I have discovered that the foregoing objectives can be realized with substantially non-aqueous compositions containing a relatively high proportion of the bioactive polypeptide dispersed in a biocompatible oil sufficient in amount to form a continuous phase of the composition. In many embodiments, such objectives can be more advantageously realized by using polypeptides associated with a non-toxic metal. Optionally, such compositions can include an antihydration agent to further prolong release of the polypeptide. Especially for polypeptides which must be administered in relatively large doses and/or which increase viscosity of the composition substantially, I have found that a relatively high ratio of polypeptide to the antihydration agent is generally advantageous. I have also discovered that compositions can be provided with high loadings of polypeptide (optionally with an antihydration agent) and sufficient viscosity that the compositions, after injection, tend to form into long-lasting depots from which the polypeptide is released in a prolonged manner at an effective rate.
Throughout this specification, percentages of compositions are by weight and temperatures are in degrees Celsius unless indicated otherwise.
As used in this specification and the appended claims, the term "substantially non-aqueous" means essentially anhydrous or containing water in such low proportion that it does not intolerably accelerate release of the polypeptide in the animal. Although this proportion of water varies with each composition of the invention, it is most commonly less than about 2% (even more typically less than about 1%) in a form having such an effect on the polypeptide release.
The term "non-toxic" refers herein to components of compositions of this invention that are reasonably safe and/or innocuous when used in appropriate amounts and under appropriate conditions in parenteral administration of such compositions.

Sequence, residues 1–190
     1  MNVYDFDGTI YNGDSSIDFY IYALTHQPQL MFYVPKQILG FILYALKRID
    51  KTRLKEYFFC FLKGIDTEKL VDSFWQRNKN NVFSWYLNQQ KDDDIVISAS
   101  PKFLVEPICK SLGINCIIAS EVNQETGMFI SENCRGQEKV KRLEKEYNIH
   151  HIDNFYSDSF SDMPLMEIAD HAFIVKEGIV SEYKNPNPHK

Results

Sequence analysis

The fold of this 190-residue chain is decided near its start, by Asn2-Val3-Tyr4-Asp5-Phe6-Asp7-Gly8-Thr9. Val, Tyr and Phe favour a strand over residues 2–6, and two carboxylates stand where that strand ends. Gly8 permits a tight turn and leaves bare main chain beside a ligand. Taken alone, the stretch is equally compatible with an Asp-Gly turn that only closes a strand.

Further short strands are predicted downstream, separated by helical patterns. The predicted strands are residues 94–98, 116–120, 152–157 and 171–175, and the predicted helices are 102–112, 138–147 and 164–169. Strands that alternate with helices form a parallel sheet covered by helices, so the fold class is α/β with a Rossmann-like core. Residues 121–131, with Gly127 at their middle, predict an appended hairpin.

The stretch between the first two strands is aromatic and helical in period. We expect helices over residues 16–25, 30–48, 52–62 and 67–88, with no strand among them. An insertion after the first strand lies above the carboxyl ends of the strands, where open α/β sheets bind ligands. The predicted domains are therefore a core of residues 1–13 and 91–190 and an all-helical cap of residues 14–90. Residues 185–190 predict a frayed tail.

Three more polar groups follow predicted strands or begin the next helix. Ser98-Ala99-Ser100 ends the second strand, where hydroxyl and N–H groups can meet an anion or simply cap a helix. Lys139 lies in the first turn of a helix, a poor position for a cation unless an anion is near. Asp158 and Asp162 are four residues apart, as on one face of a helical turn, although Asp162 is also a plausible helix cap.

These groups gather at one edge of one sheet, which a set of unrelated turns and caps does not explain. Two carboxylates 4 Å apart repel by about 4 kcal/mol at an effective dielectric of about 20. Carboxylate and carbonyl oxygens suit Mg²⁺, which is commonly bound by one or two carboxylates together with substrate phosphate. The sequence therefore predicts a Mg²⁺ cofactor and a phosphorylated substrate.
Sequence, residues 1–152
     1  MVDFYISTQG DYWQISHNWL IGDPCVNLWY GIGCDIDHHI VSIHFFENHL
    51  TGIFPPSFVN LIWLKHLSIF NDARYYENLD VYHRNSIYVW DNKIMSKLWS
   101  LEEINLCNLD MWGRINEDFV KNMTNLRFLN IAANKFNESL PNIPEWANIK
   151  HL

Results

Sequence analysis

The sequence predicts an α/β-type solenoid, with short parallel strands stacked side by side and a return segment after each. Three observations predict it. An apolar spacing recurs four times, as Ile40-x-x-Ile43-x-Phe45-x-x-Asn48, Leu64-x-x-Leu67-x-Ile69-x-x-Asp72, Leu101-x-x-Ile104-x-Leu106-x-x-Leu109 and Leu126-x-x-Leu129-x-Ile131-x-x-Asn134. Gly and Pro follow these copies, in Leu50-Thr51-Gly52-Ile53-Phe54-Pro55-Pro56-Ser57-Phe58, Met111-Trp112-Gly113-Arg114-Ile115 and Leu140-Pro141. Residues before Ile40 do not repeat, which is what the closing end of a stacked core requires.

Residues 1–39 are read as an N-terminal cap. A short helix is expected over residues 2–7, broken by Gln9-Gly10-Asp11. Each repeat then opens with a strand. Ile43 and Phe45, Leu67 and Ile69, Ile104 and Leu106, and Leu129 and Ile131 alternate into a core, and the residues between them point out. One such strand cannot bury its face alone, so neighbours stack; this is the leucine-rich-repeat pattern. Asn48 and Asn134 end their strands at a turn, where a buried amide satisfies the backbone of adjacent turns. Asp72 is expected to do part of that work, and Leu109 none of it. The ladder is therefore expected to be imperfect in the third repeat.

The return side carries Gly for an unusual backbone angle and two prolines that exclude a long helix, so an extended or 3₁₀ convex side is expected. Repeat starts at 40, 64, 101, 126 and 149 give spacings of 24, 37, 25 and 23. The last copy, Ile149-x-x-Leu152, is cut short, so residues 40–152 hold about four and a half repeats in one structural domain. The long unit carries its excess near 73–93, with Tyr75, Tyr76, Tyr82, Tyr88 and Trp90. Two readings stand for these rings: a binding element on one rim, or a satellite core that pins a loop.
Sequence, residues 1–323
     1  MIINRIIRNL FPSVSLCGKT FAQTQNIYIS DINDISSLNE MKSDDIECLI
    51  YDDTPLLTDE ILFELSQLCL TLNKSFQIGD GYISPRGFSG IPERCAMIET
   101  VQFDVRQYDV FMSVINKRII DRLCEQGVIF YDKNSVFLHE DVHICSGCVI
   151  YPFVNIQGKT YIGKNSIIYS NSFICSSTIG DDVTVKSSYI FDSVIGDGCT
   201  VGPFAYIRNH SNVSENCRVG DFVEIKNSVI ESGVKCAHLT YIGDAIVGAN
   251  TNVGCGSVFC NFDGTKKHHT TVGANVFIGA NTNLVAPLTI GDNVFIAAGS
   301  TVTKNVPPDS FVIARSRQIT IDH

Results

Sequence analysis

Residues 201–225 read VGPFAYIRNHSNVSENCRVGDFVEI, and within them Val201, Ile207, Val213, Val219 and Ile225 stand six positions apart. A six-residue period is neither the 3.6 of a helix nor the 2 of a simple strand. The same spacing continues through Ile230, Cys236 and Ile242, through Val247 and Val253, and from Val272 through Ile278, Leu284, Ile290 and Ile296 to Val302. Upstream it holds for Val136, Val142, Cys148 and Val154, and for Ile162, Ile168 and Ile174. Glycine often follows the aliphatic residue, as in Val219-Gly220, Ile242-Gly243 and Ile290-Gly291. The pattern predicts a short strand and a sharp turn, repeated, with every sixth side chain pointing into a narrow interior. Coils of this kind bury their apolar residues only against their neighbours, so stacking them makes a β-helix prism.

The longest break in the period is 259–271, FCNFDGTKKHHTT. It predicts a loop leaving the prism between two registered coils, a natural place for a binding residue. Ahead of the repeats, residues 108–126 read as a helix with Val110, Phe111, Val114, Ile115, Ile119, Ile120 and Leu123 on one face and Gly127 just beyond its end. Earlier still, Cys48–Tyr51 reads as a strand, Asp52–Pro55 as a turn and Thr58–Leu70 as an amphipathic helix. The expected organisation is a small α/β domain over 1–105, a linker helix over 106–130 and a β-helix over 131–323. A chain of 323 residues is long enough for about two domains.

The term "biologically active" or "bioactive" polypeptide herein means a polypeptide that, following appropriate parenteral administration to an animal, has a demonstrable effect on a biological process of that animal. The effect may be hormonal, nutritive, therapeutic, prophylactic or otherwise, and may mimic, complement or inhibit a naturally occurring biological process. Although there is an enormous variety of such effects and processes, the stimulation of growth, lactation, egg or offspring production and/or feed efficiency in food animals can be mentioned as exemplary. Other examples include the production of wool, furs or other non-food animal products. Although polypeptides of smaller MW (e.g. at least about 300) can be used, these polypeptides are generally of substantial MW, e.g. at least about 1000, usually at least about 4000, in most preferred embodiments at least about 9000, and in many even more preferred embodiments at least about 18,000 up to about 30,000 or higher. Although the polypeptide may be in its active form in compositions of this invention prior to administration to an animal, the term herein also includes polypeptides that develop bioactivity after such administration.
In many embodiments of the invention the polypeptide is administered in chemically uncombined form. Many other embodiments are advantageously carried out using the polypeptide in a form (e.g. chemically combined with another substance) in which it has substantially lower solubility in aqueous (e.g. animal body) fluids than the uncombined polypeptide. For example, the polypeptide can be predominantly (e.g. fully) chemically associated with a non-toxic metal or in an ester, amide or other form(s) which provide the desired bioactivity and do not impart intolerable side effects. When chemically associated with such a metal, the metal can be present as the metal per se (e.g. in a metal salt of or complex with the polypeptide) or in the form of a salt or complex of the metal with one or more other anions.
Although monovalent metals (e.g. sodium or potassium) can be used advantageously in some compositions of this invention, polyvalent metals are preferred for use in many other instances. Examples of such polyvalent metals include zinc, iron, calcium, bismuth, barium, magnesium, manganese, aluminum, copper, cobalt, nickel, cadmium and the like. In certain highly preferred embodiments, such metal-associated polypeptides are reaction products of such metals, e.g. in ionic form, with dissolved polypeptides. The ratio of metal to polypeptide may vary depending on the number of active sites of the polypeptide that associate with such metal during the formation process. For instance, metal may be associated with some or all negatively-charged amino acid (e.g. aspartic or glutamic) residues in the polypeptide, or its carboxy terminus. Some or all of the metal may be associated in a salt of the polypeptide, occluded within folds, crystals or amorphous shapes of the polypeptide, or associated as a cation bridge between at least two polypeptide molecules.